"Hello everybody. My name is John, or Mr. John, or whatever you like. It doesn't matter. Why, just today I've been called everything but a Child of God. Emergency exits are labeled at their bases. Rumour has it a kick will push 'em out. Never seen it myself. Next stop, Hand River. That'll be about twenty minutes from now. When we get there we'll see if anyone else needs a ride."
Vegas Kid pays attention to free poker on his sensor. He gives up after a few hands.
In the seat sits a woman sewing beads to a piece of leather.
She has a ring on her thumb.
"This is B-dullas," announces The Child of God as we pull up to a bus stop —"There aren't many services this time of night; except for a soda machine and a smoke shelter. Don't wander far if you plan on getting back on. We won't be here long."
Need sleep. Need to work. Make a story, collect data, for something. To earn money you must make things, sell things.
Come on, get out.
Photograph the front of the bus.
Return to my seat.
"Thank you everyone," says Child of God, "I appreciate everyone staying close — it helps keep us on schedule."
Time passes. More stops. Names forgotten before the pen is ready.
Just make something up.
This is night on a container ship. Far out at sea.
Child of God has left the inner lights off as a courtesy for sleepers.
Watch the smokers.
Watch the truck-flow.
Doze, head against the window. Eyes open, now, between sleep and awake. Day breaks. Looking down at a beach from a low flying plane.
Scene turns and becomes a scrolling 2D projection of highly dimensional data. From here it looks like a plot of profit and loss.
Up, down, up, down, bankrupt.
Remember once, in Africa, on an overnight bus. Two men were driving in shifts. One worked the wheel while the other slept in a cabin below deck. At some point in the night the bus braked hard. An elephant crossing the highway. The sudden change in momentum threw the other driver out of bed — "AIE!"
Back then the idea was to write a story about a one-man-band. He and his machine.
Then a pickpocket stole my notebook in a nightclub. Left me with my pen. I fell into a spiral.
We pass the burned out remains of a tractor-trailer truck.
Vegas Kid uses his sensor to make a call: "Mornin' Pappa. I got some bottles for $5. The label says 50mg. The cheapest I could get. Yeah, there were bottles for 75mg but those were $10 — Ok — Hi Momma. Wake up — get some coffee — hang on — yeah, my phone says it's 7:55 — Ok — Ok — Don't forget to pick me up."
Child of God speaks into the PA:
"Alright folks. This is Ontario. Ontario, Oregon. This is the destination for three of ya. We're going to be making a ten minute stop here. Our stop is a community centre. You'll see a brown door that leads to a restaurant. Please use it. We will depart in about twenty minutes. Then we'll cross the Snake River and then we'll be in Idaho."
There's a sign on the wall:
"This ODOT ConnectOregon project is funded by Oregon Lottery dollars."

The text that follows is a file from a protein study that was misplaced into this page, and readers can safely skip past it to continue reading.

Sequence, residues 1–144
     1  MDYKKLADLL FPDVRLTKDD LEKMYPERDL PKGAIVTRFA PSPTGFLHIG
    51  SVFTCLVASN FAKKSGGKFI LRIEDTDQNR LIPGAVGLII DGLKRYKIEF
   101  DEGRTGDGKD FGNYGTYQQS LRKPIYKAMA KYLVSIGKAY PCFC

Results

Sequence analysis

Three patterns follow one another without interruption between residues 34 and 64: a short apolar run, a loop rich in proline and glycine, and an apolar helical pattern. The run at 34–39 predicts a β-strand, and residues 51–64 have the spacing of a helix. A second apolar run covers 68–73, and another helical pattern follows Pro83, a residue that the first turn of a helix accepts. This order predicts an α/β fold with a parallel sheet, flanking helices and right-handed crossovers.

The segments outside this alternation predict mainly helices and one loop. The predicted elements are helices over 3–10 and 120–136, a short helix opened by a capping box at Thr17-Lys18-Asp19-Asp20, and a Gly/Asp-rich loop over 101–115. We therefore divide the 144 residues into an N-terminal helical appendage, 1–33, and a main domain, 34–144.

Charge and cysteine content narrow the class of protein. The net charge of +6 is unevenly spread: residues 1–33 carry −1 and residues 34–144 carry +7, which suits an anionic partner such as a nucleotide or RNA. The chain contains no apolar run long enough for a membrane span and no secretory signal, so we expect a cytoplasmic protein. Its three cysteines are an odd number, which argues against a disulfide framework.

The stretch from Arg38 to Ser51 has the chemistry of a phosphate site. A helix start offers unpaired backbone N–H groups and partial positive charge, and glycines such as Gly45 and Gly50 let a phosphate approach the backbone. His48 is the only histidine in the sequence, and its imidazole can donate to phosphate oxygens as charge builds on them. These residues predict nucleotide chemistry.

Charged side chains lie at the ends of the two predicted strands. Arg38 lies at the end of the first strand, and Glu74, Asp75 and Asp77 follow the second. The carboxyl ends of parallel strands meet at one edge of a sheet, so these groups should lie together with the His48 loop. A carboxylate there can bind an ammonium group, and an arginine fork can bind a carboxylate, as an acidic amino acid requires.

Photograph in panoramic.
"Alright folks, thanks for stickin' close. We're right on time. Twenty minutes we'll be in Nampa. Then we'll go to Boise. There you get a new driver; a better driver, and a crew will refuel the bus and give it a quick mop and pick up any trash.
Watch the road fly.
Highway: endoplasmic reticulum.
Details to a scale.
Highway: superconducting rail.
All can agree we be the cause.
Stop briefly at a gas station.
Green dinosaur mascot.
A polyethylene terephthalate bottle containing a carbonated caramel-coloured solution of non-nutritive sweetener.
Sensor charger, sensor cable.
Someone's sensor rings, aft: "Hello?— No, not yet — Tomorrow, at 6... 8. I'll be back tomorrow at 8. Ok, goodbye."
Again: "Hello? — Yes sir, but we need to look at it — I think it will be $125, but maybe it will be less than that. Yes sir, we are professionals — Ok, I'll see you tomorrow at 10am— Ok, 9am."
Exit the highway, enter Boise — capital city of a state with a potato stereotype.
"They've been doing a lot of dairy farming in Idaho." says the driver.
Arrive at the station.
Forty five minute wait.
Photograph the floor.
Vegas Kid walks up.
"You haven't slept have ya?"
"Yes, I slept."
"You did? I didn't. I've been awake since 8 AM yesterday."
"Gotta crash sometime."
"When I get home. When I get there, I'm gunna take a shower, take a couple hits from my new vape, and sleep."
Driver waves his hands through the air, checking the temperature, "Yup — yup — feels about right."
Mom and Boy tease one another:
"I'm gunna tape you to the front bumper — the bugs'll git in yer mouth!"
"I'm gunna tape you to the toilet seat — and it's a bad toilet!"
"Good! Then I can take big dumps!"
"Welcome aboard this Provost. A French Canadian bus. A heavy bus. A good ride, folks. I'm always happy to catch a Provost.
For those of you who want to see antelope, look out the window in about 55-65 miles.
Remember folks, no marijuana, no way, no how. Not on this bus. Have a good ride."
Flip through the sensor history. To the start. Image 0 — out of context. Inadvertent inclusion. But, maybe, the context will widen to relevance.
Page forward. Stop at a photo inside a moving bus. A man looking out a bus window. Vents look like wet piano keys. Musician on tour, live on the road, generating on the interstate. Chords function to modulate the location. Tune colours until they fit. Make notes. Take note. Make something. Write something that does that.
"We're going to be crossing the Snake River in the next two minutes. Be prepared for a change of scenery before we enter the city."
The bridge obscures the canyon.
Enter the city.
"This is Twin Falls. We're going to be here for twenty minutes. There is a Subway."
The bus parks at a gas station beside a vehicle dealership.
Hop off and run.
Leave all but my sensor.
Run to the canyon.
Hold on a sec, this is a sub-trip.
Capture a photograph.
Sensor software crashes. No time to wait. Trigger a reboot, and run —
— reboot fails, reboot while running.
Arrive at the Canyon
Camera ready. Capture this →
Launch the panorama application.
Reboot and run —
Leg cramping, out of shape.
Everything I own is on that bus.
There's the bus.
People idle beside it, unhurried.